Eventually Josh is led to meet a chief named Joe Gimmee—who is the father of the girls, and a big power on the islands. Joe Gimmee is the source of our economics lessons. When they finally meet, Joe Gimmee asks Josh some puzzling questions. (I’m quoting a few pages from the novel, which makes this post long, but it’s easy reading):

How do you get your treasure?”
“What do you mean? Josh asked, taking his cap off and placing it on the blanket beside him.
“Your boat, the food you eat, the clothes you wear. How do you get those things?”
Josh scratched his head. “Well, it’s all government issue.”
“Explain government issue, please.”
“That means the government gave it to me.”
“Did you pray for it first?”
Josh stared at the old man, trying to figure him out. But then he remembered that Joe Gimmee was Penelope’s father, and the likelihood of figuring anyone out in that particular family was probably going to be remote. “Praying ain’t required, Joe,” Josh finally answered. “Paperwork, that’s the ticket if you want the government to issue you anything.”
“Do you think I could get this paperwork?” he asked.
“I suppose you could, but it wouldn’t do you any good. You have to be authorized to make a requisition from the government.”
“How do I get authorized?”
“Well, you’d have to be in one of the armed services of the United States.”
“May I join one of those services?”
Josh rubbed the old polar bear scar on his chin. “I doubt it. With all due respect, you’ve got a few too many years on you.”
“How about Ogomo? He is young and healthy.”
Josh shrugged. “I don’t think we’re recruiting Solomon Islanders just yet.”
“He’s Australian. His mother was a white woman who entered my life for a brief time.”
“Sorry, Joe. It don’t matter. He can’t join.”
Joe Gimmee chuckled, then looked slyly at Josh. “I knew you would not allow him, for he might discover the great secret if he did. For many years, the people of the Solomons have watched the English received many treasures, and we have asked them again and again how this occurs. They always lie. For instance, when I asked Minister Clarence where his tins of food and his metal cooking pots and his Bibles came from, he said he prayed and God provided. But I knew that was false. The people of the Solomons have prayed for many years, but the gods have never provided anything for us, save the hot sun and rain. Or perhaps those things that were meant for us were intercepted by the English. I stole a cooking pot from Minister Clarence, just to see if that was true. I knew the gods had meant for me to have it as soon as one of my wives used it for cooking.”
“That’s crazy talk, Joe,” Josh said.
“Is it? I traveled to Australis to see for myself. I took a job on the docks moving cargo here and there. Sometimes, it was stacked in warehouses. Other times, on trucks or ships. It went here, it went there. I asked the English blokes and Aussie mates where did all these things come from, and how do you know where it goes, and who gets it? They showed me paper, or simply waved their arms and talked very fast. Once, a crate was dropped and from it spilled many very fine dishes and cups, all with wonderful designs on them. I asked those blokes how these dishes and cups were made, and how the designs were put on them that could not be rubbed off no matter how hard I tried. But they could not tell me. I knew then that the gods must have made these dishes and cups. How do I know for certain? Because the men who are given them do not know how they are made. For instance, do you know how the uniform you wear is made? How did it get that color and that tight, perfect weave, impossible for even the most talented woman to sew? Tell me exactly, please.”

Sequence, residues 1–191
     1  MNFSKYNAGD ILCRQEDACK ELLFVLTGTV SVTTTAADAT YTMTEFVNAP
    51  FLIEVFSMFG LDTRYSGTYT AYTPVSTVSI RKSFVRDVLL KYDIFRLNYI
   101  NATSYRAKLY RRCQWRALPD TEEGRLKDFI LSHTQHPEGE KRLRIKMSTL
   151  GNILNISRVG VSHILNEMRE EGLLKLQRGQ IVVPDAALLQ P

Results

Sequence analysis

Josh looked at Joe Gimmee and considered telling him a lie, but the old man’s eyes, deep and luminous and intelligent, were unsettling. He was certain that he’d be caught in any fib he tried. “Joe, I don’t know much about cloth,” he confessed. “There are sewing machines, but I’m not sure how they work. That don’t mean the gods made my uniform.”
Joe Gimmee laughed good-naturedly. “White people are all excellent liars. But I don’t blame you. If I knew the great secret, I would keep it to myself, too. Yet when I was in Australia, I began to divine the truth, and then one day it came to me. First, special places must be constructed to receive treasure. The proper ceremonies must be performed. All this is done, of course, to please the gods. Then, and only then, will the treasure be delivered.” Joe Gimmee leaned forward and inspected Josh’s expression. “I am very close to the great secret, aren’t I?”
“Joe, you’re not even in the ballpark,” Josh said, shaking his head. “You want cooking pots, or even a truck? Get yourself some money and you can buy anything you want. That’s all it takes.”
“How do I get money?”
“For money, you have to work.”
“I wondered when you would mention money and work in the same breath. The English always got to that, eventually. It was their way of making the Solomon Islanders do their bidding. But you have already admitted you get your treasure without money or work.”
“Joe, I work for the federal government, don’t you see? It’s like this big man gives me stuff, and working ain’t always required.” Josh thought about what he’d said, then added, “Forget that last part.”